By Holden Lewis
December 21, 2016

Grady Reese/Getty Images

Refinance your mortgage now, if you can. And if you’re in the middle of getting a mortgage, it might be a good idea to lock the rate.

SEARCH RATES: The savings are worth the effort. Shop for a mortgage refi today.

Why refinancing is urgent

Mortgage rates have risen for two solid months. They will level out or go down someday, but no one knows when. If you can save money by refinancing, it’s probably best to refinance now, in case rates continue to rise and your opportunity to grab a lower rate disappears.

“It’s a good time to lock into a mortgage once you are comfortable with the payment on a purchase or the savings on a refinance,” says Mat Ishbia, president and CEO of United Wholesale Mortgage. “Playing the market is not the best route because nobody knows how much rates will go up or down, or when that will happen.”

Diane Saatchi, a real estate broker for Saunders & Associates, on Long Island, says it’s an easy call. Rates are going up, so refinance soon, “the sooner the better,” she says.

Rick Roque, president of Menlo, a consultancy for mortgage companies, agrees.

“It’s a great time to lock your mortgage rate or refinance your mortgage because rates will inevitably rise,” he says. “Consumers who refinance now will save money.”

SEARCH RATES: Refinance soon, before mortgage rates rise even more.

A refinancing rule of thumb

How do you decide whether it’s worth it to refinance your mortgage?

The Urban Institute has a rule of thumb: It’s worth refinancing if you can decrease the interest rate by at least three-quarters of a percentage point. By that yardstick, about 16 percent of outstanding mortgages could benefit from refinancing. That’s about 1.6 million mortgages with interest rates of around 5 percent or higher.

But there’s a larger pool of homeowners who would benefit by refinancing: Those who can afford moving to 15-year mortgages. That’s because rates on 15-year mortgages tend to be about three-quarters of a percentage point lower than rates on 30-year loans. The downside is that the monthly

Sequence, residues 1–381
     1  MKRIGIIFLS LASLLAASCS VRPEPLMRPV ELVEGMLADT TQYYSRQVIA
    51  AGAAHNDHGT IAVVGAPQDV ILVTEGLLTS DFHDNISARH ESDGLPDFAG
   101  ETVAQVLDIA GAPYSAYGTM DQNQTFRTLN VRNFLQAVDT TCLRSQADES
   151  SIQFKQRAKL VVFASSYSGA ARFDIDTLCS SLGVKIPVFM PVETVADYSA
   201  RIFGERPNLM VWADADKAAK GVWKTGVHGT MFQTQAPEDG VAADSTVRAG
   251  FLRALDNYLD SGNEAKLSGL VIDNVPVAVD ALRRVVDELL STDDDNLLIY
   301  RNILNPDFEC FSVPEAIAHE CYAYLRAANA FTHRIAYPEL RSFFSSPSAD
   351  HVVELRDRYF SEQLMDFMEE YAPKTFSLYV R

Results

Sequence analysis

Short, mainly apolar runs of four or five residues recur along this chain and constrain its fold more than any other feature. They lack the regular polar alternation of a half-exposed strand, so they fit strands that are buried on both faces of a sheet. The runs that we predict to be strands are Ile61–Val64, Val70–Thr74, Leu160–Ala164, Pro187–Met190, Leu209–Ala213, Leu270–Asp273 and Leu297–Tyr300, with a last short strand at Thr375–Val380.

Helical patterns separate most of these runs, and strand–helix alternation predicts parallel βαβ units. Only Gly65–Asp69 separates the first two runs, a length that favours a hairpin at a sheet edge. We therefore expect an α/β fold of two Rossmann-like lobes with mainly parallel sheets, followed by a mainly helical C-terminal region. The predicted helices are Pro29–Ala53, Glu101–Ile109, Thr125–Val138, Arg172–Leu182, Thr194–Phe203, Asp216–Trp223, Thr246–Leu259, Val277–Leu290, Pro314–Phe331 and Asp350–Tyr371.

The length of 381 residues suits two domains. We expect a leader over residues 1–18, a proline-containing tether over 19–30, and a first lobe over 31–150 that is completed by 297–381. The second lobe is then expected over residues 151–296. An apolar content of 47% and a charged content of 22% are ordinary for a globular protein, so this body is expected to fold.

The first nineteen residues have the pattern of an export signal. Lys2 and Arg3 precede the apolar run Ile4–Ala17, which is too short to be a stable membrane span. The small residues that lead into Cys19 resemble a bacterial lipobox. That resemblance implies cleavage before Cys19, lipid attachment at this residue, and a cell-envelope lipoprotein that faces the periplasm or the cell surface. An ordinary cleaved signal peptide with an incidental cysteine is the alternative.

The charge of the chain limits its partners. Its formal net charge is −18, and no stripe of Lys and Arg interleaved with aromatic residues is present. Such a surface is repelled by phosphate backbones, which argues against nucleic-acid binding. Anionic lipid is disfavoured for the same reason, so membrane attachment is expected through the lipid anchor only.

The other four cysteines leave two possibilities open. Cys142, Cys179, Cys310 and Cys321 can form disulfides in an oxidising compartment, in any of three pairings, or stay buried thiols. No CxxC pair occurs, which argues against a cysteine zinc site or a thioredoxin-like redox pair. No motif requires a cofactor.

payments on 15-year mortgages are higher, because you pay off principal faster.

Here’s a hypothetical example of how refinancing would affect someone who:

  • Borrowed $220,000 in the middle of 2009.
  • At an interest rate of 5.5 percent.
  • And who hasn’t refinanced.

For this imaginary borrower, monthly principal and interest payments are $1,249. Let’s say this borrower wants to refinance $200,000.

Refinancing for $200,000 into a brand-new, 30-year loan drops the monthly payment substantially. Refinancing that amount into a 23-year loan (to keep the original payoff date) saves some on the monthly payment, and saves tens of thousands of dollars in interest over a new 30-year loan. Refinancing $200,000 into a 15-year mortgage at an even lower rate costs more every month. But it does save tons of interest over the life of the loan.

Dissenting view

The advice to lock a rate right now isn’t unanimous.

Michael E. Chadwick, a financial adviser in Unionville, Connecticut, says, “Rates have gone haywire in the last six weeks; this has only happened a few times before and it’s likely to come down a little bit here soon.”

While it’s possible that mortgage interest rates will slip back within a few weeks, you’ve got to play the odds, says David Kuiper, vice president for Northpointe Bank, in Holland, Michigan. “This is probably a really good time to lock in because the potential downside is greater that the potential upside for rates to creep back up,” he says